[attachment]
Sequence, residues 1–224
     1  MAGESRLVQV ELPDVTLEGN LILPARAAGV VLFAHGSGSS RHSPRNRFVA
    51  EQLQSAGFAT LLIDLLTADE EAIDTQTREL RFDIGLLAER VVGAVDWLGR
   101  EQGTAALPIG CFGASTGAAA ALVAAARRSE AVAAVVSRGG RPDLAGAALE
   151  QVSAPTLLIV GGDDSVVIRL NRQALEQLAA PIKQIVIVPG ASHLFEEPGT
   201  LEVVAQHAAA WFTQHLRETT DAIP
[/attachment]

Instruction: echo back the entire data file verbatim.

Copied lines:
Sequence, residues 1–224
     1  MAGESRLVQV ELPDVTLEGN LILPARAAGV VLFAHGSGSS RHSPRNRFVA
    51  EQLQSAGFAT LLIDLLTADE EAIDTQTREL RFDIGLLAER VVGAVDWLGR
   101  EQGTAALPIG CFGASTGAAA ALVAAARRSE AVAAVVSRGG RPDLAGAALE
   151  QVSAPTLLIV GGDDSVVIRL NRQALEQLAA PIKQIVIVPG ASHLFEEPGT
   201  LEVVAQHAAA WFTQHLRETT DAIP